Capacity of a set

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In mathematics, the capacity of a set in Euclidean space is a measure of that set's "size". Unlike, say, Lebesgue measure, which measures a set's volume or physical extent, capacity is a mathematical analogue of a set's ability to hold electrical charge. More precisely, it is the capacitance of the set: the total charge a set can hold while maintaining a given potential energy. The potential energy is computed with respect to an idealized ground at infinity for the harmonic or Newtonian capacity, and with respect to a surface for the condenser capacity.

Historical note[edit]

The notion of capacity of a set and of "capacitable" set was introduced by Gustave Choquet in 1950: for a detailed account, see reference (Choquet 1986).


Condenser capacity[edit]

Let Σ be a closed, smooth, (n − 1)-dimensional hypersurface in n-dimensional Euclidean space ℝn, n ≥ 3; K will denote the n-dimensional compact (i.e., closed and bounded) set of which Σ is the boundary. Let S be another (n − 1)-dimensional hypersurface that encloses Σ: in reference to its origins in electromagnetism, the pair (Σ, S) is known as a condenser. The condenser capacity of Σ relative to S, denoted C(Σ, S) or cap(Σ, S), is given by the surface integral


is the normal derivative of u across S′; and
  • σn = 2πn⁄2 ⁄ Γ(n ⁄ 2) is the surface area of the unit sphere in ℝn.

C(Σ, S) can be equivalently defined by the volume integral

The condenser capacity also has a variational characterization: C(Σ, S) is the infimum of the Dirichlet's energy functional

over all continuously-differentiable functions v on D with v(x) = 1 on Σ and v(x) = 0 on S.

Harmonic/Newtonian capacity[edit]

Heuristically, the harmonic capacity of K, the region bounded by Σ, can be found by taking the condenser capacity of Σ with respect to infinity. More precisely, let u be the harmonic function in the complement of K satisfying u = 1 on Σ and u(x) → 0 as x → ∞. Thus u is the Newtonian potential of the simple layer Σ. Then the harmonic capacity (also known as the Newtonian capacity) of K, denoted C(K) or cap(K), is then defined by

If S is a rectifiable hypersurface completely enclosing K, then the harmonic capacity can be equivalently rewritten as the integral over S of the outward normal derivative of u:

The harmonic capacity can also be understood as a limit of the condenser capacity. To wit, let Sr denote the sphere of radius r about the origin in ℝn. Since K is bounded, for sufficiently large r, Sr will enclose K and (Σ, Sr) will form a condenser pair. The harmonic capacity is then the limit as r tends to infinity:

The harmonic capacity is a mathematically abstract version of the electrostatic capacity of the conductor K and is always non-negative and finite: 0 ≤ C(K) < +∞.


The characterization of the capacity of a set as the minimum of an energy functional achieving particular boundary values, given above, can be extended to other energy functionals in the calculus of variations.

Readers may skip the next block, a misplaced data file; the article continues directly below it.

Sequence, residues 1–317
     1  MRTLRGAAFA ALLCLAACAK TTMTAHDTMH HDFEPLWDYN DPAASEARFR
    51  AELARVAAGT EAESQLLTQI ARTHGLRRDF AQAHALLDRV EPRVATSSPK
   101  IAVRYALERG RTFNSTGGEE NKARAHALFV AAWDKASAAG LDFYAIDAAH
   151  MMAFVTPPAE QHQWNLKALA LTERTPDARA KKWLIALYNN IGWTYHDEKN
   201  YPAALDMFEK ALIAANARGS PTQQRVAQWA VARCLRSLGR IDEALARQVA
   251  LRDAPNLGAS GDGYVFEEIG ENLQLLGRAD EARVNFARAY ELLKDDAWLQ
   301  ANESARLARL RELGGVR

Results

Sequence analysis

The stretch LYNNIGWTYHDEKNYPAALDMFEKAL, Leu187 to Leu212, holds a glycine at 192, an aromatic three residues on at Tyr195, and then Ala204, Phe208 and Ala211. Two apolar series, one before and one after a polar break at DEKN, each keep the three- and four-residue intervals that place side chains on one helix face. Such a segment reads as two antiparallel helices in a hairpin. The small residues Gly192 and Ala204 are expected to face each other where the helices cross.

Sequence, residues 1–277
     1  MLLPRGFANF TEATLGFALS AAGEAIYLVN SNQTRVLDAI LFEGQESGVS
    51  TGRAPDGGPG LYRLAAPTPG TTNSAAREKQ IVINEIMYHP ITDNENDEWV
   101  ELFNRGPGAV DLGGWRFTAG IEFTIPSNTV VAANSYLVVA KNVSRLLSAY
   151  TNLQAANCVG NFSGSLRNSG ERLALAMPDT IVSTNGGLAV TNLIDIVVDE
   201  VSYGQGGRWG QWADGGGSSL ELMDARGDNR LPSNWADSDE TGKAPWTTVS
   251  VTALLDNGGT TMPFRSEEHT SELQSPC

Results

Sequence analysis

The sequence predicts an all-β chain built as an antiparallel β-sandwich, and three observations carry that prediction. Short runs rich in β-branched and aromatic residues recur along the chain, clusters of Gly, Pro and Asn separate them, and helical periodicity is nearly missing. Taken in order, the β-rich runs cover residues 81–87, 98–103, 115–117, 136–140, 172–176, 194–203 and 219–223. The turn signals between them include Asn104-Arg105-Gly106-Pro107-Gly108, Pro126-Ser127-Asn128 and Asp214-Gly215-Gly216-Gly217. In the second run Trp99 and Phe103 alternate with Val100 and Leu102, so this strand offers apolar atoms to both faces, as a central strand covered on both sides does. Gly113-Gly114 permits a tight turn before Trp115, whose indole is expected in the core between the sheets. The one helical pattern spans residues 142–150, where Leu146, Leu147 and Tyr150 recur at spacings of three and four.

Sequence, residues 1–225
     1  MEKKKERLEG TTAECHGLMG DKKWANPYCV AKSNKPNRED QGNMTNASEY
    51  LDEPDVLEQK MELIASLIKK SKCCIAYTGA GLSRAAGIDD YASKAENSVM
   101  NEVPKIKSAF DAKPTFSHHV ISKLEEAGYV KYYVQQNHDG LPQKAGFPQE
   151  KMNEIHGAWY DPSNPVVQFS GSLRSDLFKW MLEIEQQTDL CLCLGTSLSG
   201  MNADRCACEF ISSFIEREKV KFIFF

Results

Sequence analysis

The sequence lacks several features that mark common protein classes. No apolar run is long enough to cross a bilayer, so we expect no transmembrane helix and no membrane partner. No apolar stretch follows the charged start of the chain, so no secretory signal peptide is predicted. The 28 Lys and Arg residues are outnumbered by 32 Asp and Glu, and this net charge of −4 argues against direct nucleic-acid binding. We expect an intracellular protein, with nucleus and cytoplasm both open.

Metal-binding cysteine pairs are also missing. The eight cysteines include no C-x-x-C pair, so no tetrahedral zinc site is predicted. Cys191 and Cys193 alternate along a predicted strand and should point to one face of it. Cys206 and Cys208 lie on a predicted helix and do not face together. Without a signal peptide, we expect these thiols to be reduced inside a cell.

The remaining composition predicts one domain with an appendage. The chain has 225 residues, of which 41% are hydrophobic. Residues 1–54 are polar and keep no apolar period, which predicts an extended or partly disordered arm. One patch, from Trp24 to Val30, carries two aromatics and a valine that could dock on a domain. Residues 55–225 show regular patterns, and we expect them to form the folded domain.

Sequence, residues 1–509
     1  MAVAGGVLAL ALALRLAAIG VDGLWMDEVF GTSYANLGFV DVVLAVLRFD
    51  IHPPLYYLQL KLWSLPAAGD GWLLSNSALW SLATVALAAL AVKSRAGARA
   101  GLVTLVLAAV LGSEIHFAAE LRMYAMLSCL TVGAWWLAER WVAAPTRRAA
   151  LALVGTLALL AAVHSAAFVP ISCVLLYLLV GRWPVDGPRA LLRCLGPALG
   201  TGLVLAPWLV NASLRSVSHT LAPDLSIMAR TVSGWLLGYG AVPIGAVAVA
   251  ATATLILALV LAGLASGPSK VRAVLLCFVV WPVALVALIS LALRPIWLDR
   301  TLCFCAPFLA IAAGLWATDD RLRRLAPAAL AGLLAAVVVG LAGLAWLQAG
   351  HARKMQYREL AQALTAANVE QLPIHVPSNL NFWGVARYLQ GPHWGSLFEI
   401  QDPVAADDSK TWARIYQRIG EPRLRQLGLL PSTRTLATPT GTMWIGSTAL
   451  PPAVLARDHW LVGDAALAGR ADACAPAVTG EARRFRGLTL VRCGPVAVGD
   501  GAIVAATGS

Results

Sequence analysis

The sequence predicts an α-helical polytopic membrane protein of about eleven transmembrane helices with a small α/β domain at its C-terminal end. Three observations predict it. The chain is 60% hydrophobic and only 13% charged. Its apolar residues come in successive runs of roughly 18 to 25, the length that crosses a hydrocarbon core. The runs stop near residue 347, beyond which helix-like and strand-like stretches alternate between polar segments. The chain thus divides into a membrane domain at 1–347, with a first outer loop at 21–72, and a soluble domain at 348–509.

Divergence form elliptic operators[edit]

Solutions to a uniformly elliptic partial differential equation with divergence form

are minimizers of the associated energy functional

subject to appropriate boundary conditions.

The capacity of a set E with respect to a domain D containing E is defined as the infimum of the energy over all continuously-differentiable functions v on D with v(x) = 1 on E; and v(x) = 0 on the boundary of D.

The minimum energy is achieved by a function known as the capacitary potential of E with respect to D, and it solves the obstacle problem on D with the obstacle function provided by the indicator function of E. The capacitary potential is alternately characterized as the unique solution of the equation with the appropriate boundary conditions.

See also[edit]


  • Brélot, Marcel (1967) [1960], Lectures on potential theory (Notes by K. N. Gowrisankaran and M. K. Venkatesha Murthy.) (PDF), Tata Institute of Fundamental Research Lectures on Mathematics and Physics. Mathematics., No. 19 (2nd ed.), Bombay: Tata Institute of Fundamental Research, pp. ii+170+iv, MR 0259146, Zbl 0257.31001. The second edition of these lecture notes, revised and enlarged with the help of S. Ramaswamy, re–typeset, proof read once and freely available for download.
  • Choquet, Gustave (1986), "La naissance de la théorie des capacités: réflexion sur une expérience personnelle", Comptes rendus de l'Académie des sciences. Série générale, La Vie des sciences (in French), 3 (4): 385–397, MR 0867115, Zbl 0607.01017, available from Gallica. A historical account of the development of capacity theory by its founder and one of the main contributors; an English translation of the title reads: "The birth of capacity theory: reflections on a personal experience".
  • Doob, Joseph Leo (1984), Classical potential theory and its probabilistic counterpart, Grundlehren der Mathematischen Wissenschaften, 262, Berlin–Heidelberg–New York: Springer-Verlag, pp. xxiv+846, ISBN 0-387-90881-1, MR 0731258, Zbl 0549.31001
  • Littman, W.; Stampacchia, G.; Weinberger, H. (1963), "Regular points for elliptic equations with discontinuous coefficients", Annali della Scuola Normale Superiore di Pisa – Classe di Scienze, Serie III, 17 (12): 43–77, MR 0161019, Zbl 0116.30302, available at NUMDAM.
  • Ransford, Thomas (1995), Potential theory in the complex plane, London Mathematical Society Student Texts, 28, Cambridge: Cambridge University Press, ISBN 0-521-46654-7, Zbl 0828.31001
  • Solomentsev, E. D. (2001) [1994], "Capacity of a set", in Hazewinkel, Michiel (ed.), Encyclopedia of Mathematics, Springer Science+Business Media B.V. / Kluwer Academic Publishers, ISBN 978-1-55608-010-4